Edmonton snowbirds chart new course during pandemic

Countless Canadian snowbirds are making new plans after the pandemic abruptly ended their migration south.

'I might buy myself a heat lamp and a bag of sand and a little kiddie pool'

Alberta snowbirds planning to spend winter at home

1 year ago
Snowbirds who would normally be preparing to head off for warmer climates are now stuck in Alberta preparing for winter thanks to the COVID-19 pandemic. 3:32

For 16 years, Edmonton retiree Jack McGuire and his wife wintered in Mexico. But like countless other snowbirds, the pandemic has interrupted their usual migration south.

Instead, McGuire is planning a 10-day canoe trip in B.C. while he polishes up his snowblower. He'll see snow for the first time in eight years.

"I'm really disappointed," McGuire told CBC News. "Winter is not real healthy here for a lot of people because the streets are slippery. Older people have to be a little more cautious and we get a lot more exercise down in Mexico than we do here.

"I'm going to look for a pair of winter boots. I've got some cross-country skis that I never sold in the last garage sale."

Although Mexican resorts have reopened, McGuire remains cautious.

"I don't have any underlying health problems, but you still don't want to end up in a hospital in a foreign country," he said.

Quarantining 'real deterrent'

According to the Canadian Snowbird Association, McGuire is one of roughly 350,000 Canadians who travel south annually, now faced with an abrupt change in retirement plans.

Some, like McGuire, are travelling in Canada, according to Lesley Paull, owner of Paull Travel in Edmonton. But international travel is slow.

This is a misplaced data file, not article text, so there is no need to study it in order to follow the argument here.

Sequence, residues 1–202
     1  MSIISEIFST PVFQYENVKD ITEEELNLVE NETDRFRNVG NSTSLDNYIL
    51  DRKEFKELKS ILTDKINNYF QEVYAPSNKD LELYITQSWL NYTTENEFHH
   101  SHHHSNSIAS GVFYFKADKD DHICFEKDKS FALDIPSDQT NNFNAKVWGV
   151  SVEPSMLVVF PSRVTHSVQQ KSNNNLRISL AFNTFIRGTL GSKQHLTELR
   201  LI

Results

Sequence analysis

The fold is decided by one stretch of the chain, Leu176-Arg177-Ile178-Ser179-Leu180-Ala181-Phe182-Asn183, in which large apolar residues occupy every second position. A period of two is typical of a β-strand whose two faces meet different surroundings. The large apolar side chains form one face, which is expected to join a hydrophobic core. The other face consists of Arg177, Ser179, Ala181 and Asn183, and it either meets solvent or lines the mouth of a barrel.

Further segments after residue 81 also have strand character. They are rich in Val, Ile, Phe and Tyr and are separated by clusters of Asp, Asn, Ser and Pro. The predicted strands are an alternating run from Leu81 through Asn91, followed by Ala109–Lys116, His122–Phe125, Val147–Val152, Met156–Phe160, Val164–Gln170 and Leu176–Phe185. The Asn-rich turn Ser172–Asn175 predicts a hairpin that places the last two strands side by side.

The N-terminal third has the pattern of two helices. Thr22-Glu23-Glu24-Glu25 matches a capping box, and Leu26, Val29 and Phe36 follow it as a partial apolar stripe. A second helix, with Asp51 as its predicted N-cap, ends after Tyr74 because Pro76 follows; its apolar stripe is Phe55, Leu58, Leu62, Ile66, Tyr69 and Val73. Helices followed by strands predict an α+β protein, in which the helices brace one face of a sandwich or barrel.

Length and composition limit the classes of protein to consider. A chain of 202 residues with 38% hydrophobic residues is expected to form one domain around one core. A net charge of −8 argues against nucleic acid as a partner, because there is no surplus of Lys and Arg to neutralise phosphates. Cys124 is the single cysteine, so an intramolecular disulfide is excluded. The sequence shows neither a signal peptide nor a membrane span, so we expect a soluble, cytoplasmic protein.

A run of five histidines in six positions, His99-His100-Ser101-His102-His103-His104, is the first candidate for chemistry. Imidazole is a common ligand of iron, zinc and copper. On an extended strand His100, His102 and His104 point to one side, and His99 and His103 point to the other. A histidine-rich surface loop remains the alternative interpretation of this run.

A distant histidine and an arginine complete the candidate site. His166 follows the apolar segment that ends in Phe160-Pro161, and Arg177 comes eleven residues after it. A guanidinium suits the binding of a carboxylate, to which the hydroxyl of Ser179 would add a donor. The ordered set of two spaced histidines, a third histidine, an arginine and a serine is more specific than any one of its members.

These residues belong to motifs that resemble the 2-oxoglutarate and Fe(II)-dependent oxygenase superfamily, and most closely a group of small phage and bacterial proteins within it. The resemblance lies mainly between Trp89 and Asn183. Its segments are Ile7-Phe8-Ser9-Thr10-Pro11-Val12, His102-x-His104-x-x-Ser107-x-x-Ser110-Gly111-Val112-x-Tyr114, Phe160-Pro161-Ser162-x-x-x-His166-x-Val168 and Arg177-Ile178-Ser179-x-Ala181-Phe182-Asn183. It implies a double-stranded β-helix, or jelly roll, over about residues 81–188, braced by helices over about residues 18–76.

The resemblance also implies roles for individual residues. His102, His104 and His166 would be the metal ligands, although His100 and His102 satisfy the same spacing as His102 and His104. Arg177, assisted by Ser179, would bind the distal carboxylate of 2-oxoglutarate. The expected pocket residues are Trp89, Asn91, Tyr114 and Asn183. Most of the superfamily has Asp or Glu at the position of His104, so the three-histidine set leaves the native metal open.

"These next three or four months, people are just kind of hanging on," Paull said.

"A lot of people really want to travel, but the thought of going for a week or two or three somewhere — and coming back and quarantining for two weeks — is a real deterrent." 

Snowbird Terry Shoemaker is swapping the Arizona sun for a heat lamp in an Edmonton hotel this winter. (Radio Canada/Olivier Periard)

At the Leduc Lions Campground, manager Tamara Carmichael and her husband are trying to figure out what to do.

The couple, like many full time RV dwellers, prepaid last year for their usual spot in Yuma, Ariz.

"So it leaves us in a position here where you're basically paying your rent twice," Carmichael said. "And honestly, a lot of snowbirds go south in the winter because it's cheaper. So now we're looking at paying twice and paying more money if we have to go in somewhere here. And financially, we're not in that tax bracket."

As RV parks in B.C. that offer winter camping fill up, some are choosing another option.

Terry Shoemaker is storing the motorhome he usually takes down to Arizona and settling into a hotel suite in Edmonton where he's determined to make the most of it.

"I might buy myself a heat lamp and a bag of sand and a little kiddie pool, put it in the suite and that'll be my summer place," Shoemaker joked.

With files from Emily Fitzpatrick and Mirna Djukic